Arise: A Simple Story Review – Time Waits For No One (PS4)

Video games often struggle to strike a balance between how gameplay and narrative are presented. For some players, narration can often be detrimental to how the game itself is played. For example, slower paced gameplay with emphasis on exploration and discovery through interaction can feel like a chore for the impatient. If you are like me, however, you may prefer strong storytelling to, say, the arcade-style, pick-up-and-play multiplayer shooters where minimal narration exists solely to excuse the vast amount of bloodshed. And I spent countless hours of my childhood in the local arcade!


When consoles were introduced to the home, we began to see more emphasis placed on narrative-driven video games, such as Final Fantasy VII (PS1), Silent Hill 2 (PS2), The Last of Us (PS3), and NieR: Automata (PS4). And like the aforementioned video games, Arise: A Simple Story strikes the balance between narration and gameplay perfectly, despite its brief playtime.

Arise: A Simple Story’s narrative is not as straight-forward or “simple” as the name implies. Indie developer Piccolo Studio’s debut tells an emotional story that follows the life of our unnamed, elderly protagonist through 10 chapters; beginning with his death and funeral. From here on out, the player controls our protagonist through the afterlife in this 3D puzzle platformer, collecting memories and traversing through key moments of his life; or rather symbolic representations that you, as the player, are first discovering whilst he is simultaneously reliving it.


Basic precision platforming is combined with an inventive time shifting mechanic to form Arise’s core gameplay. For example, in the first chapter, you can raise the water level by shifting time forward with the right analog stick, allowing you to use floating debris to reach higher platforms. These time-based puzzles become more challenging as you progress through Arise’s narrative; often requiring precise leaps of faith within mere seconds of a time shift.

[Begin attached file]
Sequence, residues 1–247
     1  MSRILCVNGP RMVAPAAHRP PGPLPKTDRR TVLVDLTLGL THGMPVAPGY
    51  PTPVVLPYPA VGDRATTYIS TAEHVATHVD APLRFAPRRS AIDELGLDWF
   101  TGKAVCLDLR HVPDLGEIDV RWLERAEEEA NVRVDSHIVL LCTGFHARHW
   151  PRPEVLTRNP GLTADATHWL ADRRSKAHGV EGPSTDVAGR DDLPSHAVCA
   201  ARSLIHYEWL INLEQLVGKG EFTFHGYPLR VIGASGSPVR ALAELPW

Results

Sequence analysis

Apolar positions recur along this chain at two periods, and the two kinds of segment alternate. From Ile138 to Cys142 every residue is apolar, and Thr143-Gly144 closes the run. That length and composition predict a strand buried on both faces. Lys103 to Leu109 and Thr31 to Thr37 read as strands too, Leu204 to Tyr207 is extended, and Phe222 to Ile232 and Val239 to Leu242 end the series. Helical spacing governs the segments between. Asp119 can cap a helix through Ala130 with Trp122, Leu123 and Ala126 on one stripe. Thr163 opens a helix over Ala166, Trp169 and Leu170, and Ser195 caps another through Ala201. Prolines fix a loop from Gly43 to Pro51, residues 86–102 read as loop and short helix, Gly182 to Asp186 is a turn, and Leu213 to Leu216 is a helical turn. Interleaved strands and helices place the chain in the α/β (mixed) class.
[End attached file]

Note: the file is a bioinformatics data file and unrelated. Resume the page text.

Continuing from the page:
You’ll also need to use the protagonist’s grappling hook at times which, when combined with the ability to shift time backward and forwards, feels surprisingly intuitive. Unfortunately, not everything about the controls feels that way. Frequently I found myself jumping off a platform to my death due to the fixed camera perspective that Arise utilizes.


This fixed perspective made it difficult to judge the axis of movement, becoming an exercise in both trial-and-error and frustration during chapters that require strict precision. Luckily, this is mitigated by Piccolo’s decision to create frequent respawn checkpoints. At no point during Arise’s adventure did I feel I had to tediously traverse back through sections I had previously explored. No time was unnecessarily lost.

And what an adventure it is! Arise can be completed in roughly seven hours, but during this time I was captivated by its narration on human life and the passage of time; complimented by David García’s heartfelt musical score and Piccolo’s breathtaking art direction, akin to that of a Pixar production. You don’t have to experience Arise alone either. Local co-operative gameplay allows a friend to jump in at any moment; with one player taking control of the protagonist and the other taking control of time itself.


In some ways, Arise: A Simple Story is perfectly named because it forgoes traditional dialogue or text-based narration for visual storytelling. However, through the inventive environmental game design that pushes the narrative forward to its well-realized and emotional conclusion, there is a complexity to Arise that left me misty-eyed by its affecting story of love and loss.

Arise: A Simple Story review code provided by publisher. Reviewed on PS4. For more information on scoring, please read our Review Policy.

  • Simplicity in its emotional narrative, told with complexity
  • Inventive time-based puzzles
  • Pixar-like art direction
  • David García’s heartfelt musical score
  • Frustrating fixed perspective camera angle counterproductive to precision based platforming
  • Over too quickly at roughly seven hours long